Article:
After a career of advocating for the criminally accused, Warren Skinner finds himself searching for those responsible for his own son’s murder.
In addition to a large cash reward, Skinner and his family are appealing to the consciences of the passengers in the SUV that ran over his son Christopher in downtown Toronto last fall in the hopes they can entice the killer - or killers - out of hiding.
“I’m trying to push the other people in the vehicle to understand we need some closure,” he says.
Still, Skinner says he clings to his faith in the justice system he has always embraced to ultimately deliver a measure of solace.
For a criminal defence lawyer, of course, it’s one thing to champion a client’s rights to a fair trial and the presumption of innocence. But it can be much more difficult when dealing with the murder of a loved one when raw emotion overwhelms personal philosophy. Skinner, however, says those responsible for Christopher’s murder deserve their day in court.
“If I did not feel that way, I think I’d have to stop practising criminal law,” says Skinner, who had hoped to eventually pass his Newmarket, Ont., practice on to his son.
Christopher had left his sister’s birthday party in Toronto’s Entertainment District last October when he got into an altercation with the occupants of a black SUV.
Police speculated that the 27-year-old’s hand had come into contact with the vehicle as he tried to hail a cab.
Three or four men got out of the vehicle, knocked Christopher to the ground, and kicked him.
According to police, the driver then intentionally drove over the man with both the front and back wheels.
In a search for witnesses, police offered a $50,000 incentive backed up by an additional $25,000 raised by the Skinner family, their friends, and colleagues.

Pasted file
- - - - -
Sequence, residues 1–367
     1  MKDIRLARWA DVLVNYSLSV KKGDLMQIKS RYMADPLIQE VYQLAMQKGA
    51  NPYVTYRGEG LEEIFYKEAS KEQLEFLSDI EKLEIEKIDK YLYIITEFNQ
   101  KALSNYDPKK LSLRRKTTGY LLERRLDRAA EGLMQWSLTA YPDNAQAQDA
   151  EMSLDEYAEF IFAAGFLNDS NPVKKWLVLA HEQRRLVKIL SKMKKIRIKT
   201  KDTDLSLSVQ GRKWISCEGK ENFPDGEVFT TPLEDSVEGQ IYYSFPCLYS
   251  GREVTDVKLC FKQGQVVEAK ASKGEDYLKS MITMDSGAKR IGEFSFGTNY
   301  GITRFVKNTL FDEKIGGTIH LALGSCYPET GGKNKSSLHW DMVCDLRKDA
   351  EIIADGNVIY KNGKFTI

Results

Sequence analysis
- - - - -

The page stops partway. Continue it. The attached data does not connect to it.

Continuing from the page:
Last week, the Skinners again announced a boost to the reward, bringing the total up to $100,000.
“The message doesn’t change. We know that there were two or three people in that SUV that weren’t driving,” Skinner says.
“Just because you’re in a car doesn’t make you guilty of a criminal offence.”
Still, he acknowledges the apprehension a person might feel in turning in a close friend or family member.
But he wants potential witnesses to also understand what the Skinner family is going through.
“It isn’t getting any easier,” he says. “You wake up, and the first thing you think about is, ‘Another day to get through.’”
Adding to their grief is the fact that Christopher, who was described at his funeral as a “collector of friends,” was a much-loved person with a bright future cut short.
“There weren’t too many people who didn’t like him,” Skinner says. “He just loved life.”
Christopher had graduated from Ryerson University with a graphic-design degree but had settled on a career change. He wanted to go to law school.
Shortly before he was killed, Christopher had taken the LSAT.
His father describes him as outgoing, creative, and unafraid to speak in public.
“I would have thought he would have made a fairly good litigator,” Skinner says.
Now he anticipates the long process of prosecuting the murder of his son.
“I’m hoping we have to go through that,” he says. “I think we owe it to Christopher to see that there is some justice done.”
In the meantime, he says donations are still needed to meet the reward obligations.
A substantial portion of the money raised has come from lawyers, particularly in York Region, Skinner says.
Fellow Newmarket lawyer Daniel Monteith, for example, has helped campaign for money from the legal community.
“I’ve got four kids myself and I was just so overwhelmed by the tragedy of it,” Monteith says.
Contributions to the family’s reward fund can be made by sending a cheque or money order to Warren Skinner in Trust at 195 Main St. S., Newmarket, Ont., L3Y 3Y9.